When on your site visits, be sure to walk around the room and think about the placement of any projection screens or displays, and think about how your audience will be able to see them. Most people think about the size of their screens in the planning process but it’s important to think about how it works in relationship with the room. Even the largest displays can seem small if they’re too far away, so you may need to consider “delay” screens (smaller screens distributed throughout the room) so everyone can see the action on whatever screen is closest to them.
Likewise, the height of a screen can be enormously important. If you’re in a long room with a low ceiling, it’s going to be difficult to get a projection screen up high enough for the folks in the back to see it, no matter what size it is.
Either way, it’s important to think about “sightlines” for not just your stage if you have one, but also any and all displays you might have. Ask your AV provider or the venue if they can provide CAD renderings of what the room will look like. While some can only provide flat, 2D models, you’d be surprised how many have the ability to easily create 3D walkthroughs and renderings, showing exactly what the view from the seats will be. Whether in the front row or the last, you’ll know exactly what your attendees’ view will be long before they set foot in the room.
Labor and Staffing Checks for a Smooth-running Show
Entire books and countless articles have been dedicated to dealing with labor (especially union labor), but there are a few specifics worth highlighting that affect almost any event, large or small, when it comes to hiring audiovisual techs.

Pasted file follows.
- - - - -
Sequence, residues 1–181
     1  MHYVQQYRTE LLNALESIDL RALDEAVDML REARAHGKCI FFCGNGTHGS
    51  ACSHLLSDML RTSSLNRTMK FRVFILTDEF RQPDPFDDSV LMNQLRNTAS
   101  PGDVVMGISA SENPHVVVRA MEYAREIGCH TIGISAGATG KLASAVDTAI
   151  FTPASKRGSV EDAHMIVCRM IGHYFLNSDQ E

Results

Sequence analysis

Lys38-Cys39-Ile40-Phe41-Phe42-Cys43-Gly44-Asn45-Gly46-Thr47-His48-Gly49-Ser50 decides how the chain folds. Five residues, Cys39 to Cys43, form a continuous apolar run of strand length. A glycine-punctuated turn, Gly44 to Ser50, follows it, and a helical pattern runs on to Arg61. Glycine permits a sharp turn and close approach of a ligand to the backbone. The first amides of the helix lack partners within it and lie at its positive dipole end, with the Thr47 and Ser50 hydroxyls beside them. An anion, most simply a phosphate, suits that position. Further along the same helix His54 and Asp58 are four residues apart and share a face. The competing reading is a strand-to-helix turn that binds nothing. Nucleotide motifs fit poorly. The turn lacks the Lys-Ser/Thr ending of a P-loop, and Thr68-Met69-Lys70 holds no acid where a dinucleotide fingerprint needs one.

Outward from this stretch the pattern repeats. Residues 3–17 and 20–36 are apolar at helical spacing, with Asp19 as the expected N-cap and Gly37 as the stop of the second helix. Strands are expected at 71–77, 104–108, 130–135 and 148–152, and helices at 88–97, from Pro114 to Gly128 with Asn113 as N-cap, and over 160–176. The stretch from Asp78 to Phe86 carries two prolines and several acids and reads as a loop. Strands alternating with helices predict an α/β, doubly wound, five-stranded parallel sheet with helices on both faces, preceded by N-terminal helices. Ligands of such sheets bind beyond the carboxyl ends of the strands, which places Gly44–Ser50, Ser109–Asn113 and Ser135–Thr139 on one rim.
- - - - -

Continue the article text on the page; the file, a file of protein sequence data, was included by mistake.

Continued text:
10. How Long is Your Day? (And How Long is it Really?)
The biggest and most obvious thing you have to worry about when it comes to labor is how long your day is. Most planners are familiar with the concept that techs are paid in either half day or full day chunks, based on 5 hour and 10 hour days, respectively. The trap they often fall into, however, is only looking at their program agenda, and not paying attention to the time before, and after the event. So while the show may run from 8am-5pm followed by a reception until 6pm (ten hours), you’re probably going to open the doors 15-30 minutes before start time, and the techs will need to come in before that to make sure everything is turned on and warmed up.
Afterward, unless you cut off the music and kill the lights, guests may want to linger a bit after the hour is over. Once the room is clear and the go-ahead is given, it’ll still take a little more time to shut down projectors and turn everything off. What was a ten hour day, is now looking closer to 12, with the tech crew arriving at 7am and leaving at 7pm, which means you’re into overtime by a couple of hours. No big deal if you know it’s coming, but if you don’t and you have a crew of five, it can be an unwelcome surprise.
11. Turnaround Time
Maybe you knew all that, and maybe even expected it, but let’s revise our scenario a little bit in some pretty realistic ways and see what happens. 6pm is pretty short for a reception, so let’s say it’s cocktails followed by dinner and awards. The banquet ends at 9pm, and afterward the CEO would like to run through her presentation a few times to prepare for her 8am keynote the next day. Once again it takes some time for people to clear the room, so that rehearsal ends at 11 or 11:30pm. By the time everything is shut down, it’s almost midnight. We’re looking at almost 8 hours of overtime. Ouch!